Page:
Publisher Q&A: Jason Fulford of J&L Books
In October we posted a short, straightforward conversation with Shane Lavalette about Lay Flat, the independent publisher of limited edition photography books and multiples that he founded in 2009. The questions from the conversation with Lavalette have been adapted and given to 11 more publishers and editors that represent a variety of sizes, orientations, and audiences in the photography publication market - both on and offline. As a whole, the 12 posts aim to provide a snapshot of the current publishing landscape.
Today's post is the eighth in the series and features responses from Jason Fulford of J&L Books. Previously published are responses from Lavalette, Michael Itkoff of Daylight Magazine, Ray Potes of Hamburger Eyes Photo Magazine, Jeffrey Ladd of Errata Editions, Barry W. Hughes of SuperMassiveBlackHole, Bryan Formhals of LPV Magazine and Lee Grant and Tom Williams of Timemachine Magazine.
Publication: J&L Books
Location: San Francisco
fototazo: What is the backstory on how J&L formed?
Jason Fulford: Leanne Shapton (the L of J&L) and I met in the early 90s at Pratt Institute in Brooklyn, New York. In 1998 or so I was hitchhiking around the American southwest and bumped into Jack Woody of Twin Palms. I showed him some pictures, we talked about books and he suggested I publish the work myself. He helped me find a printer, and I made my first book, Sunbird. I showed the book to Leanne, and we decided to start publishing the work of artists we knew. One book led to another, and now we have a catalog.
f: What is particular or unique about the books J&L publishes? What separates it from other publishers?
JF: I think that publishers are defined by their sensibilities. Leanne and I champion artists and authors who are genuine, unpretentious and have a unique and strong voice. I know that sounds vague, but we don't really have any other guiding principles. We are open and curious, and look for work that resonates.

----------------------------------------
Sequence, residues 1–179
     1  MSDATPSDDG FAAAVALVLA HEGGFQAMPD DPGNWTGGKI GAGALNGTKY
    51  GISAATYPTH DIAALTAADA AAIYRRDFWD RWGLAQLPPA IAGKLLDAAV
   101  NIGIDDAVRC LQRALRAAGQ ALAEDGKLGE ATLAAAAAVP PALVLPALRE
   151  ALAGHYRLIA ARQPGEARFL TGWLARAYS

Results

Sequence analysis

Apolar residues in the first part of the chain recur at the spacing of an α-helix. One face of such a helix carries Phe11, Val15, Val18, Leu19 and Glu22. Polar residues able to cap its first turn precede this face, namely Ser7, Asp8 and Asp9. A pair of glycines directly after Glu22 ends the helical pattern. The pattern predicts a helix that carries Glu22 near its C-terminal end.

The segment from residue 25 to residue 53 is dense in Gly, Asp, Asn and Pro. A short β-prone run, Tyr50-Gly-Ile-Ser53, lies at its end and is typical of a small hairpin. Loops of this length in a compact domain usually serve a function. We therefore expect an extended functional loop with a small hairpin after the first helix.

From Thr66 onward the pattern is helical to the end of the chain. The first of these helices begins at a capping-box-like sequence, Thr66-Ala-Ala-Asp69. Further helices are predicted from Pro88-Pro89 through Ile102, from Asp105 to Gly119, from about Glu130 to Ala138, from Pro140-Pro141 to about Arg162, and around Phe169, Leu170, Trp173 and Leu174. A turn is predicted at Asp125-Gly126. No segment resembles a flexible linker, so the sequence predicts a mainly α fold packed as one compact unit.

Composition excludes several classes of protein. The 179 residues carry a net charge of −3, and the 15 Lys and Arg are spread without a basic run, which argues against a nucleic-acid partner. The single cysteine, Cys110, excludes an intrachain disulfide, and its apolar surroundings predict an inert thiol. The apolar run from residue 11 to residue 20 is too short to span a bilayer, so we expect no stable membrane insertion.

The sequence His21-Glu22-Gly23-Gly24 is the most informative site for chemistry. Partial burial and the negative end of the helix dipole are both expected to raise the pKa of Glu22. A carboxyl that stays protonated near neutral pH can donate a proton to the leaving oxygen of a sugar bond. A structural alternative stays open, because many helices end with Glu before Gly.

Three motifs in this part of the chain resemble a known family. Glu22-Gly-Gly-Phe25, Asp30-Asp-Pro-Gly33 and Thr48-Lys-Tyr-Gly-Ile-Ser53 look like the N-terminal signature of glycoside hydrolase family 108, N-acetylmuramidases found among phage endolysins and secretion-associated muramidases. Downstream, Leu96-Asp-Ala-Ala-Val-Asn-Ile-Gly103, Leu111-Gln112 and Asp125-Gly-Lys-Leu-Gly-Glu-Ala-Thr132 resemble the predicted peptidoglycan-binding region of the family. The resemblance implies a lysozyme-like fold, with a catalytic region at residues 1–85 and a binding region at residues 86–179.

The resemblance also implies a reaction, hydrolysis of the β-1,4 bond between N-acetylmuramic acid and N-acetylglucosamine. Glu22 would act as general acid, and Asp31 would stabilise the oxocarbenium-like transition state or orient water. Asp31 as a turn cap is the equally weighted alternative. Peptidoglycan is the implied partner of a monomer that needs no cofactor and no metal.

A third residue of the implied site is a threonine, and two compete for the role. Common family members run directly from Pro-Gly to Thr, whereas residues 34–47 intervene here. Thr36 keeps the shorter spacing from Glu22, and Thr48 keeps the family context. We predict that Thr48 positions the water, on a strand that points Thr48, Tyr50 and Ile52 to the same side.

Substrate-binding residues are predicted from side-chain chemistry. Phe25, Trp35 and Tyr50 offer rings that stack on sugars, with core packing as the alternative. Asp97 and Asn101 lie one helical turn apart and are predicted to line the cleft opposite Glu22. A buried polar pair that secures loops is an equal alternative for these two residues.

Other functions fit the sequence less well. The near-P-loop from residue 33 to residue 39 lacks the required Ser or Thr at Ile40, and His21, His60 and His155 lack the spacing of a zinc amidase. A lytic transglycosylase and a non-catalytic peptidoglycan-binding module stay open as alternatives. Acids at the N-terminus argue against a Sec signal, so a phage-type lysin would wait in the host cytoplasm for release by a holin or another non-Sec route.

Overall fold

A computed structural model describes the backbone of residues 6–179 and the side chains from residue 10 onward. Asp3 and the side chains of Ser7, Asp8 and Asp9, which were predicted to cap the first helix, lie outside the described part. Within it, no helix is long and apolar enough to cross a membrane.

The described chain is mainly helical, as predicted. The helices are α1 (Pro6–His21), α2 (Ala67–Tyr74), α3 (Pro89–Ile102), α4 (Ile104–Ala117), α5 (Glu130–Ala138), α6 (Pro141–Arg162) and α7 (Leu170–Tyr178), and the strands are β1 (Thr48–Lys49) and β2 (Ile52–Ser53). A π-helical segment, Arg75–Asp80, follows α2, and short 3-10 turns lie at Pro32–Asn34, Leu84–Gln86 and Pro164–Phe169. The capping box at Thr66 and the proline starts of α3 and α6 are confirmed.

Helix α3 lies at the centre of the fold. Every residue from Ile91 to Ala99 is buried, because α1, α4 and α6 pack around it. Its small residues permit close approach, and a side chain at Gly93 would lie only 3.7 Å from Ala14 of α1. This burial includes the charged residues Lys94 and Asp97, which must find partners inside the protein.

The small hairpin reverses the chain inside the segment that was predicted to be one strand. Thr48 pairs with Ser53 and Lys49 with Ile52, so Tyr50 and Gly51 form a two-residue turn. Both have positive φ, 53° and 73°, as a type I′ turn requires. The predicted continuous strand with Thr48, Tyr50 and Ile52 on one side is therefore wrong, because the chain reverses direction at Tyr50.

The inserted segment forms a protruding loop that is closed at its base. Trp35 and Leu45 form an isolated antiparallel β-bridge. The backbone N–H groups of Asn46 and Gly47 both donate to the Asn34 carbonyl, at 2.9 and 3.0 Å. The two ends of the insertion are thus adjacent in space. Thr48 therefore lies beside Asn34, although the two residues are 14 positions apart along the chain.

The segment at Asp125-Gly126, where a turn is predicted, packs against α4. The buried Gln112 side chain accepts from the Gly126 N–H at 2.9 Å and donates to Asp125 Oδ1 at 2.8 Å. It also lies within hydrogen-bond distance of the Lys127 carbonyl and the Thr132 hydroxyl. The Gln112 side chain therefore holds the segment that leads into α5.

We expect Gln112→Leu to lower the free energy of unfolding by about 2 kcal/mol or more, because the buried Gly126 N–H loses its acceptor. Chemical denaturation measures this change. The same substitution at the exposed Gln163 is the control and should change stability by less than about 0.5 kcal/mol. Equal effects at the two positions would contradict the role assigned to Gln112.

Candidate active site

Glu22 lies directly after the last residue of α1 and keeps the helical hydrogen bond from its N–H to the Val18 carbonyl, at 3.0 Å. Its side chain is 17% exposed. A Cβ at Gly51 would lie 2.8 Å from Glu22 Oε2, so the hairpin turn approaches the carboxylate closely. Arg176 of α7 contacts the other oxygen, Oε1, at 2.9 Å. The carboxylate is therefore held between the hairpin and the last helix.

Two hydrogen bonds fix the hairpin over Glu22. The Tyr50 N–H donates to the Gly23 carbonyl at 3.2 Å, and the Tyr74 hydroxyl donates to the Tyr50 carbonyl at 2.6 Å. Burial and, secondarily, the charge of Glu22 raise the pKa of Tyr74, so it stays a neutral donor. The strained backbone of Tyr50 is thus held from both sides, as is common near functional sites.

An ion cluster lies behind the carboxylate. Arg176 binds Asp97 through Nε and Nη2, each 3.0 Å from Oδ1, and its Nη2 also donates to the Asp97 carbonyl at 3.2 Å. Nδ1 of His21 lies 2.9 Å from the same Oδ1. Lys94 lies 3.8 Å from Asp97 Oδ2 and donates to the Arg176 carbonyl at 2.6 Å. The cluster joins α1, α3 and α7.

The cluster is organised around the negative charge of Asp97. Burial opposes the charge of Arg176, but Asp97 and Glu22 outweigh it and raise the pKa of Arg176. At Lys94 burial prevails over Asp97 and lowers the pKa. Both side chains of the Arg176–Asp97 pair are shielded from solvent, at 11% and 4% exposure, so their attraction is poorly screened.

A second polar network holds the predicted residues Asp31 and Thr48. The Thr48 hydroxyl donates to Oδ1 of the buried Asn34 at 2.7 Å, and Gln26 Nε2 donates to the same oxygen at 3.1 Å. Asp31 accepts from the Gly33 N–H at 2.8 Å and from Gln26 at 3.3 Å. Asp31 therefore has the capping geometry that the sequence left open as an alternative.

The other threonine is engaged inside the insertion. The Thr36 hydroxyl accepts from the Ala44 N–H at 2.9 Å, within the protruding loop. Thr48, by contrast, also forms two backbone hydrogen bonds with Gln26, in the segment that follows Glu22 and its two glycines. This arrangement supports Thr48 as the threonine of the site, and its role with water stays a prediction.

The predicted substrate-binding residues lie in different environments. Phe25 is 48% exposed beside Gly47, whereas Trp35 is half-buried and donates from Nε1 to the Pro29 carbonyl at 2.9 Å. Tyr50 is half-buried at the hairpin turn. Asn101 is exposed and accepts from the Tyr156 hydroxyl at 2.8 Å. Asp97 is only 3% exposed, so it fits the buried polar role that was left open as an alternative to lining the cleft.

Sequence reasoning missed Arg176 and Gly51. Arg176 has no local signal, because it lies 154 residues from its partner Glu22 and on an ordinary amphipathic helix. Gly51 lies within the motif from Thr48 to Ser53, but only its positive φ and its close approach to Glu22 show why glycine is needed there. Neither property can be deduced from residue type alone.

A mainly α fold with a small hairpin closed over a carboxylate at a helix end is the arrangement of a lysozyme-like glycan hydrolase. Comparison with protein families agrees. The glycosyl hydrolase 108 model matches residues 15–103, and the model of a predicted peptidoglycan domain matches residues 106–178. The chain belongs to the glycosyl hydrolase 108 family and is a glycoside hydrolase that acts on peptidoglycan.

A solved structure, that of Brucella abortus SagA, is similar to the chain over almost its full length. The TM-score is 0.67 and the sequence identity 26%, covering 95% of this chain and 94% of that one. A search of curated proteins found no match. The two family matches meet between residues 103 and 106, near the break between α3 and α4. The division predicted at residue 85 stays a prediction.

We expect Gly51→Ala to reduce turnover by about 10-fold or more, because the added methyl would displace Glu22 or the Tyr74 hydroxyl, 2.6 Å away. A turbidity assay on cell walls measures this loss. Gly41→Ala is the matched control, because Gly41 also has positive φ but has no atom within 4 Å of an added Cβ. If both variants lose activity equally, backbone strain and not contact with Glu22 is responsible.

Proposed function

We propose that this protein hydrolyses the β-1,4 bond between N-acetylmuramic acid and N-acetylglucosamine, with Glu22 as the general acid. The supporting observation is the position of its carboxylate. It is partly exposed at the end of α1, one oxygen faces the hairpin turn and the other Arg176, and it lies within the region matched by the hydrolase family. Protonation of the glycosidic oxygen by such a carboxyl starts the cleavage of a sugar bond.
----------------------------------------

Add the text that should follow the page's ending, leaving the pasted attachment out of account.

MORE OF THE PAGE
f: What is your process for deciding what to publish from the submissions received?
JF: Very informal and intuitive. Since we are all volunteers—and it’' a considerable amount of work to edit, design, fundraise, print and distribute a book—we have to fully believe in a project to take it on.
f: How do you view the contemporary landscape of photography books as a product and as a market in relation to its history?
JF: Honestly, I don't think about it in these terms. We make books that we want to see on our own bookshelves. Then we quietly release them into the world. Eventually they find their audiences.
f: How has the book as a product evolved in relation to market conditions to reach where we are today?
JF: Again, we don't really think on these terms. Our books break even at best, so it is a labor of love.
f: What has been your highlight in working with the company?
JF: The best part is working with artists and authors we admire. As an editor, you have to try to get inside the head of the author and understand the way they think. It's like taking an intensive course on their work. This has given me insight into different ways of looking at the world.
f: How has working in the publishing business influenced your personal work and your aspirations in photography?
JF: It's like a braid. Various lines that alternately overlap and move away from each other. Each role (photographer, editor, designer, publisher) practices different skills and ways of thinking. I take lessons from one, and apply them to another. And hopefully they all grow stronger together.
f: What is next for J&L?
JF: Our latest book off the press is a 592-page biography of Martin Kippenberger. It was written by his sister, Susanne Kippenberger, and first published in Germany in 2007. We hired Damion Searls to translate the book, and it will be the first English biography of the German artist.
In the spring we will release #3 of our series J&L Illustrated. Paul Maliszewski has edited the volume, and presents short stories by 13 authors, including William H. Gass, Stephen Dixon, Elisabeth Miller and Xiaoda Xiao. French artist Shoboshobo has provided the artwork.